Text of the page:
Argentina will return to a “tourist dollar” policy, under which foreign transactions were assessed a surcharge over the official rate amid the nation’s dwindling international reserves, cabinet chief Santiago Cafiero said.
The approach was followed during the administration of President Cristina Fernandez de Kirchner, which ended in 2015. Kirchner returned to government this week as vice president to Alberto Fernandez following October’s election.
The Fernandez government is considering an around 20% tax on international purchases, including airline tickets, hotels, and payments on platforms such as Netflix. The measure is part of the economic recovery package the government will submit to Congress Monday.
“With this we seek to guard the dollars the Argentine economy has and reactivate the local tourism industry,” Cafiero told La Nacion newspaper. “It pursues a distributive logic. Sectors having the capacity to make a trip abroad will have a tribute.” The cabinet chief said the peso is at fair price for the exporting model.
With access to international financing practically closed, Martin Guzman, Argentina’s new economy minister, said he’s already negotiating the $56 billion credit line with the International Monetary Fund for a new program amid the country’s economic recession. He stated that investors understand Argentina can’t currently pay its debt.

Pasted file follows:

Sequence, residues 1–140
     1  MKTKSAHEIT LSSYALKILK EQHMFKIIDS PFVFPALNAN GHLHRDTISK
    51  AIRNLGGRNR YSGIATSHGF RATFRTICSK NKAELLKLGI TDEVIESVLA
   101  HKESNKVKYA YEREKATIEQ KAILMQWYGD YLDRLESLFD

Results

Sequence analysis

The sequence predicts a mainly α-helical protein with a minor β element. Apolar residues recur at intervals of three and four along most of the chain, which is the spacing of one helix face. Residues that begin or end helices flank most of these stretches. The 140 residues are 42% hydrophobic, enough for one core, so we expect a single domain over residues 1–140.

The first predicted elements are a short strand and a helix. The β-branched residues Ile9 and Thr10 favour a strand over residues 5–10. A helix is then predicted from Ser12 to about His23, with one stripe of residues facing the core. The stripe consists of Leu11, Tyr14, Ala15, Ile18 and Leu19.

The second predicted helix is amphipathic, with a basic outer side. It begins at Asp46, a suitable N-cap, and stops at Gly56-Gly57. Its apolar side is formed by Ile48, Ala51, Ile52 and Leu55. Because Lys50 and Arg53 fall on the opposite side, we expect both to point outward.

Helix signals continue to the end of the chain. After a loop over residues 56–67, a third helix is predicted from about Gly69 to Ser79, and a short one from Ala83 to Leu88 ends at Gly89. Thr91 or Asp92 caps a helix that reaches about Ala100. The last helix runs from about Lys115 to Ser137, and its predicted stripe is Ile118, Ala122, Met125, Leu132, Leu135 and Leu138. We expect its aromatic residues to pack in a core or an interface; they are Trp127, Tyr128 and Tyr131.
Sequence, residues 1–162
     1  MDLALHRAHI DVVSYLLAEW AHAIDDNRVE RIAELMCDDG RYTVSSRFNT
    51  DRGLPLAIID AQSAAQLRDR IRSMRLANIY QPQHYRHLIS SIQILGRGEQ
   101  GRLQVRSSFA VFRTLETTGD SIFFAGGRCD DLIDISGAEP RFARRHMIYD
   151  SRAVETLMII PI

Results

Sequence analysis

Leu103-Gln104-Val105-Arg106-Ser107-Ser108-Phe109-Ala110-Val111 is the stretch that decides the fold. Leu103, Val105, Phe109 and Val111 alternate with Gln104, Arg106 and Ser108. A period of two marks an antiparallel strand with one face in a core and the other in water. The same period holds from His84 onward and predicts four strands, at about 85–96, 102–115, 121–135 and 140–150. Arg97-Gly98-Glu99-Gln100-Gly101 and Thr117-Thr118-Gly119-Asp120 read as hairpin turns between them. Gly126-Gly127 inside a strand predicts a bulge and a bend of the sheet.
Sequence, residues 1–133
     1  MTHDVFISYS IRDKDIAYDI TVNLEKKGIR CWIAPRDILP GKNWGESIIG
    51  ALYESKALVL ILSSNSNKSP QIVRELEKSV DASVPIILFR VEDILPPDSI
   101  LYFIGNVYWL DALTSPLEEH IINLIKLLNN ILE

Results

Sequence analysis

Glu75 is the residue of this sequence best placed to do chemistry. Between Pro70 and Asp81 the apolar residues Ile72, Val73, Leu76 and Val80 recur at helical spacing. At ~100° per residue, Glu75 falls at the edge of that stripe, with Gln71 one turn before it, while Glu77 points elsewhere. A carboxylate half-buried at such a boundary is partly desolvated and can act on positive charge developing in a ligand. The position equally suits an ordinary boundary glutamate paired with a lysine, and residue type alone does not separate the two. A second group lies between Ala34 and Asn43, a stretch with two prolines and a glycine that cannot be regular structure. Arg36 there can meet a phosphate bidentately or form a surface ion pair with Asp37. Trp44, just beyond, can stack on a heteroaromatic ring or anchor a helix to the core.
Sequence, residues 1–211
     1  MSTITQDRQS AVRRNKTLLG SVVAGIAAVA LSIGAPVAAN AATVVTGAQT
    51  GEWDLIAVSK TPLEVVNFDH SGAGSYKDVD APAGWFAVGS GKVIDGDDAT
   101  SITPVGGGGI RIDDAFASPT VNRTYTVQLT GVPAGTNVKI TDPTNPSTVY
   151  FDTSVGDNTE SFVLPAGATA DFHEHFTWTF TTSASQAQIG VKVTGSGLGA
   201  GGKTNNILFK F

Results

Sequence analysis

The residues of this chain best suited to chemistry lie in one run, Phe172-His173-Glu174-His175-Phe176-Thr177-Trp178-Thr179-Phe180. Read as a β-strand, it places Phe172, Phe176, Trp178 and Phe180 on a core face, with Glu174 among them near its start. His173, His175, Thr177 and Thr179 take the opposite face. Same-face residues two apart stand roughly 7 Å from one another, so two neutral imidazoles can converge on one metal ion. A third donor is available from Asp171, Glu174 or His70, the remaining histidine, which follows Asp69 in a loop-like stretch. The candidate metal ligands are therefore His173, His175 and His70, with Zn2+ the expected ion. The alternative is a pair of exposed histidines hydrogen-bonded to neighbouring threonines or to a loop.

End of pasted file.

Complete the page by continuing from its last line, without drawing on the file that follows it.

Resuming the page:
Cafiero said the government will not take unilateral decisions while renegotiating debt payments and added that Guzman will travel to the U.S. before the end of the year.
Short of cash, Argentina announced an export tax increase on Saturday as the government seeks to fund its spending plans. The proposed tax was immediately slammed by the agricultural sector.
It’s unclear when the “tourist dollar” measure will be implemented, but the government has already issued a decree asking Congress to hold “extraordinary sessions” to debate a “solidarity and economic reactivation program” that will include several measures.
(Updates with cabinet chief Cafiero interview in La Nacion)
–With assistance from Patrick Gillespie.
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